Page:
So, I set about to build a membership that would allow you to do these things. In other words, I wanted to create an experience that allows you to feel even more connected to defense, foreign policy, and national security. So, that’s what we did. Then we beta tested it for months with people who signed up to be first-in. And now it is available for all of you. Let me explain the two components that make up the membership:

First, we have the WarCasts. These are weekly webcasts moderated by yours truly featuring a rotating cast of experts prepared to help explain geopolitical developments as they unfold. If you want, you can watch live and even ask questions live. Or you can watch later at your leisure. Think of it as the weekly think tank panel of your dreams, but you don’t have to be subjected to those terrible sandwiches or the one crazy guy in the room grabbing the microphone.

Second, we have the War Hall. This is a members-only discussion forum where you can interact directly with our writers and each other, take part in our members-only book club, and keep your finger on the pulse of the national security community. The War Hall is built explicitly for people like you to engage with our experts and others like you. Other platforms have tried to solve this problem and have failed: We all get too many emails already and email distro lists are cumbersome. Twitter is too noisy and there are more trolls now than ever. Not all of our Facebook friends want to hear our latest thoughts on Army acquisitions, Russia’s military posture, or the intricacies of jihadist ideology. In the War Hall, you can geek out on all this to your heart’s content with a tribe of people just as committed as you. Plus, our members can use The War Hall to provide direct input on new features and services we roll out over time.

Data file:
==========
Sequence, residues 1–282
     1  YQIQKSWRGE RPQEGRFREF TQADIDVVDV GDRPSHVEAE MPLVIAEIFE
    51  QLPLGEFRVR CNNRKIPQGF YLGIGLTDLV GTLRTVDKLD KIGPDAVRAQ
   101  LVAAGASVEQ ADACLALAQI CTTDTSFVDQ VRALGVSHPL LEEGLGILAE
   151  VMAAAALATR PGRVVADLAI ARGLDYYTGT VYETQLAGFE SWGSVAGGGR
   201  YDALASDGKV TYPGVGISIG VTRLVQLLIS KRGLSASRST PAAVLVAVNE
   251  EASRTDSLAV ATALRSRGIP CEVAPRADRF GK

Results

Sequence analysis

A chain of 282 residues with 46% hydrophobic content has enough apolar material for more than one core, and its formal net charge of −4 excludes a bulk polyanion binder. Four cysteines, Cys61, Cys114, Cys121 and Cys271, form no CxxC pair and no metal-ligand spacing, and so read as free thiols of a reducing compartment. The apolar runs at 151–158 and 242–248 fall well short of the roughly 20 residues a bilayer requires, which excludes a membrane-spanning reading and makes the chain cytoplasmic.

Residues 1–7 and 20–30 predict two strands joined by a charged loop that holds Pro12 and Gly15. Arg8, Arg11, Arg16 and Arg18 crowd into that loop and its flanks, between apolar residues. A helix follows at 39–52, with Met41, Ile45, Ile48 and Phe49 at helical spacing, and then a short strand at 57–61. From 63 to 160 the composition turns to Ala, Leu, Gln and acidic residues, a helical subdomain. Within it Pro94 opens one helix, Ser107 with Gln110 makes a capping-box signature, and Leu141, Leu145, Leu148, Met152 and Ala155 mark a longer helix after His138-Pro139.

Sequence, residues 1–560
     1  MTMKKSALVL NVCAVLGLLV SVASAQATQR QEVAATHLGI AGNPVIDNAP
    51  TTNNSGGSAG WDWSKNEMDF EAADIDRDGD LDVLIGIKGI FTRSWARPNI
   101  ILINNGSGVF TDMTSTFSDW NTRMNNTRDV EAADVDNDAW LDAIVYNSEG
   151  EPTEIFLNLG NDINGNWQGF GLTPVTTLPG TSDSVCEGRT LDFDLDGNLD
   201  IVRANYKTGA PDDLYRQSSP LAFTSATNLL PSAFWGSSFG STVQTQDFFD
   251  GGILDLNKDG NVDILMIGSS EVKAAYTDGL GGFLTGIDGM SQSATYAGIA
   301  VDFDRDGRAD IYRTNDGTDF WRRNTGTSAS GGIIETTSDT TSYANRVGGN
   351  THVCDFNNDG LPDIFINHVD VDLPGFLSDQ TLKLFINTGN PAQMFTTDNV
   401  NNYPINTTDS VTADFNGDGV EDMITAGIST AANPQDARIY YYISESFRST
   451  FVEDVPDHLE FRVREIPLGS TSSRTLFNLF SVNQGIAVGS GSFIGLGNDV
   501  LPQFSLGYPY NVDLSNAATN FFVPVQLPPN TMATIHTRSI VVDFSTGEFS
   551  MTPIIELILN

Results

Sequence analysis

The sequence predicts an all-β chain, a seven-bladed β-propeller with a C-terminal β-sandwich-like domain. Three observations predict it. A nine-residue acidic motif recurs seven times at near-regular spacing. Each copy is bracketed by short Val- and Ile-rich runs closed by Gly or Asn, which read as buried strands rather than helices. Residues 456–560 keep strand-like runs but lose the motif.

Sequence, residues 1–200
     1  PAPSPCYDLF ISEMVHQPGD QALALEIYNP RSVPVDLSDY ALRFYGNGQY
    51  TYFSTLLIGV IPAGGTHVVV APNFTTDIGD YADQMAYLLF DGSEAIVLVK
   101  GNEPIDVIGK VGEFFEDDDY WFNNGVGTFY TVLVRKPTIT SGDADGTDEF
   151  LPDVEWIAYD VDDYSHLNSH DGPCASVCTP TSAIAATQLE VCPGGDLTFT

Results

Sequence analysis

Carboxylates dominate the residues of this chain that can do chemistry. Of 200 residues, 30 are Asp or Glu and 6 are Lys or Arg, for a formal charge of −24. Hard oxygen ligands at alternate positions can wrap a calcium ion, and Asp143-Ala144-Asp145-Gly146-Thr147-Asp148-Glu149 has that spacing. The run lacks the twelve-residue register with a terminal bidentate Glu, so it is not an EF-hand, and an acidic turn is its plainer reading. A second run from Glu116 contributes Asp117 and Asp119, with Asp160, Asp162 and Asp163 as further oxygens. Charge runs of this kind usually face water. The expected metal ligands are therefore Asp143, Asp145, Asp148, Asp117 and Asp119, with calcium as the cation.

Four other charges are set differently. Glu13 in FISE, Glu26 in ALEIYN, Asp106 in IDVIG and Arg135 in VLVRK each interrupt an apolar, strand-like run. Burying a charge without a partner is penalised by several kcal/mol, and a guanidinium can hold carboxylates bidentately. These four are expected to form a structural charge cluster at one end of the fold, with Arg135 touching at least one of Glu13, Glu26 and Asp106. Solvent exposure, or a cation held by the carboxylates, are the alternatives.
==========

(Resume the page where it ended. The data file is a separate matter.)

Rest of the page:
War on the Rocks now has about 900 paying members. In addition to the revenue coming in from them, War on the Rocks will this year launch partnerships; its first, to be announced soon, is with the University of Texas’s Texas National Security Network (a project begun last year as part of Chancellor William McRaven’s “quantum leap” program to expand the university’s influence in a number of areas). War on the Rocks and UT are launching the Texas National Security Review, a print and online journal, later this year, and Evans is currently interviewing candidates to be the journal’s managing editor; he also recently hired an operations coordinator, the site’s first full-time employee besides him.

I asked Evans whether War on the Rocks’ content has changed under the Trump administration. “With the last administration, whether you agreed or disagreed with them, there were people in the admin working on these issues and looking for creative solutions to complex problems,” he said. “We could publish articles about what to do on the edges to improve [various problems], and know that they’d be read.